The HCI combines compute virtualization and software-defined storage, and it may include a networking element in the future. It runs with an entirely open source infrastructure stack. But it’s developed, sold, and supported by a single vendor.
Red Hat’s KVM-based hypervisor runs the virtual machine workloads. Its Red Hat Gluster storage is software-defined storage that runs on “everyday servers and disks,” said Ross Turk, director of product marketing with Red Hat. The operating system sitting above and below the entire stack is Red Hat Enterprise Linux. Ansible by Red Hat automates the installation and configuration from a central point.
A lot of customers are running a virtualization stack and a storage stack at a data center, said Turk. “This is for companies that want to extend the data center further to the edge,” he said. “This takes compute and storage onto the same server and runs the entire stack.” Because the infrastructure can be managed centrally, remote locations don’t need to hire specialized on-site support staff.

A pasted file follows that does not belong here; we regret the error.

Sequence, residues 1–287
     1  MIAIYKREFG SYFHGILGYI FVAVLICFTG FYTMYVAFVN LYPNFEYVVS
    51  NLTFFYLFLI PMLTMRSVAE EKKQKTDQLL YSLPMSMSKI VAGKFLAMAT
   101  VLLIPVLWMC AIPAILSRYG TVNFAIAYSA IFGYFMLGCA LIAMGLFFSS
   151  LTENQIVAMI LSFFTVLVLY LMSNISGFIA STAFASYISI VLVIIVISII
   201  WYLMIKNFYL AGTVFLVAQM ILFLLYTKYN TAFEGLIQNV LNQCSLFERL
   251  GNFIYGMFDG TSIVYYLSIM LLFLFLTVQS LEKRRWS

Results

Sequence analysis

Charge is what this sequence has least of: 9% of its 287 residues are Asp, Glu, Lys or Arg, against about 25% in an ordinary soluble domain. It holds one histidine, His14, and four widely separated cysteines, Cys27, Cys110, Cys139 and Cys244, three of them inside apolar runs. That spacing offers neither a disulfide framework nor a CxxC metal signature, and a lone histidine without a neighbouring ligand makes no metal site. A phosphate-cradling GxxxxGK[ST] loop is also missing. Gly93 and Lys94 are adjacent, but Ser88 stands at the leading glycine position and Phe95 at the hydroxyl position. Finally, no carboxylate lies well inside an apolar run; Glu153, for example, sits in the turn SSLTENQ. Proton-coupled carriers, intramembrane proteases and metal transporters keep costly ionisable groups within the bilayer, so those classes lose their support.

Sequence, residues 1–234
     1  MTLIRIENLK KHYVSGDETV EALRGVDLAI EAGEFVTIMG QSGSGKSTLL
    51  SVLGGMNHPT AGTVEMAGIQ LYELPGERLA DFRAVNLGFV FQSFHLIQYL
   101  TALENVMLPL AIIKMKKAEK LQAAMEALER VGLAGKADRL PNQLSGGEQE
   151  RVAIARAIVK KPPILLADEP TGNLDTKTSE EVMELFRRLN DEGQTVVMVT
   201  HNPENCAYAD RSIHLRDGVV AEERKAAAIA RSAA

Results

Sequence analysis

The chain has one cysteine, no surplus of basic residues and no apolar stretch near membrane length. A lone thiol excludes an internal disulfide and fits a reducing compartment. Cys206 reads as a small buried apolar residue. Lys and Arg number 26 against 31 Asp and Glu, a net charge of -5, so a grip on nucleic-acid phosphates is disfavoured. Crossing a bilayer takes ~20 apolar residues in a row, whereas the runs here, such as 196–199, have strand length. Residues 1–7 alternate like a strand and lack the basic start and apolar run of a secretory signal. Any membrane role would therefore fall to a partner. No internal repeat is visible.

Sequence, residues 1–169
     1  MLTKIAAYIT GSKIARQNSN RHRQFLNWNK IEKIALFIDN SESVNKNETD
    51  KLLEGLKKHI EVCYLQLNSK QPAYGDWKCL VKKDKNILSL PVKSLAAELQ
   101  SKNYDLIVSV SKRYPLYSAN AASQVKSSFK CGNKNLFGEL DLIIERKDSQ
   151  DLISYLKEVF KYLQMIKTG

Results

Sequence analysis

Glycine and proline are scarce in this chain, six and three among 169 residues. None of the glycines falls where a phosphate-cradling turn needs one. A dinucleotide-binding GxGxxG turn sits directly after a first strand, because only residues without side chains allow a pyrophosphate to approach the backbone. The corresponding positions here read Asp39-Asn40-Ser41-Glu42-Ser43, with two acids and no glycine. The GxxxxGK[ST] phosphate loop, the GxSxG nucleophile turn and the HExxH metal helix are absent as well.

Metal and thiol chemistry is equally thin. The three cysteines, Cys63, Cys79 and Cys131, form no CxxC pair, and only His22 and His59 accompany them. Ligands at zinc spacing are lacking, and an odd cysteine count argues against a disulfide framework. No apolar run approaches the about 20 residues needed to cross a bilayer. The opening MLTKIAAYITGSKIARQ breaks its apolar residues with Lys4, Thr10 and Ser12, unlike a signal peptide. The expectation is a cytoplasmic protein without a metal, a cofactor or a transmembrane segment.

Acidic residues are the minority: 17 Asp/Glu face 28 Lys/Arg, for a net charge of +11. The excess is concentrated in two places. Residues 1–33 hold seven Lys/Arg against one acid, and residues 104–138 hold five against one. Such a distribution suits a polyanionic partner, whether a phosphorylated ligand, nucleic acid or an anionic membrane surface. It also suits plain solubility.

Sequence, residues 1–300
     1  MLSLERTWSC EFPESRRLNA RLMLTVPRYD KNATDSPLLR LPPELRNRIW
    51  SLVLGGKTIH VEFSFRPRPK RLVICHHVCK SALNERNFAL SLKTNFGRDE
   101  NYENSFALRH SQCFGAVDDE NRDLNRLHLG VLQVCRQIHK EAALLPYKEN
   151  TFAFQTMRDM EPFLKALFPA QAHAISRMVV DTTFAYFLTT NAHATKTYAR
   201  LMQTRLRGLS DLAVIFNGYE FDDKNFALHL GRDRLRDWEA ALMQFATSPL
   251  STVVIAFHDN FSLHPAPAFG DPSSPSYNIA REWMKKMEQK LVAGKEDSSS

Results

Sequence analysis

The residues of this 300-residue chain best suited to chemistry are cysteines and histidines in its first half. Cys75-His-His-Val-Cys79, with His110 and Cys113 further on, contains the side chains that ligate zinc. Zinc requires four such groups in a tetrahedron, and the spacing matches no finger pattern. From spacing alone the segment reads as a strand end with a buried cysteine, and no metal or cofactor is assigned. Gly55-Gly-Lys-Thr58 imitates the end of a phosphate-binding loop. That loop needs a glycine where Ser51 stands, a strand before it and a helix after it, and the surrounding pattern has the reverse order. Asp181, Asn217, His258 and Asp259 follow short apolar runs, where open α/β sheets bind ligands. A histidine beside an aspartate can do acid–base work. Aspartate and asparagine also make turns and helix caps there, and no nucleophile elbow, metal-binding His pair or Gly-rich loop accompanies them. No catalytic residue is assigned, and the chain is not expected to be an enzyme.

The HCI could fill a variety of needs for enterprises.
It depends on the vertical business, said Turk. One retailer, for example, likes to run a local version of all its applications — 400 to 500 apps — in every store. That requires a lot of on-site servers. By using virtualization with Red Hat’s HCI, it can cut down on its fleet of servers, helping with space constraints, as well as reducing power and cooling.
In the oil and gas business, companies often have field offices that do a lot of number crunching. Previously, they have had to send their data back to the data center. But with on-site compute and storage, they can save time.
While Red Hat is calling its product hyperconverged infrastructure, the concept is similar to multi-access edge computing (MEC). And it all sounds a little bit like software-defined wide area networking (SD-WAN).
There’s been a huge uptake in SD-WAN for branch offices. Red Hat is now also targeting branch offices — but with compute and storage — rather than networking.
“SD-WAN addresses networking challenges, and this targets those same customers but with a consistent computing platform,” said Turk.
To begin with, Red Hat doesn’t anticipate its branch customers changing their networking, said Steve Bohac, a principal product marketing managing at the company. “Moving forward, we’ll look at incorporating networking.”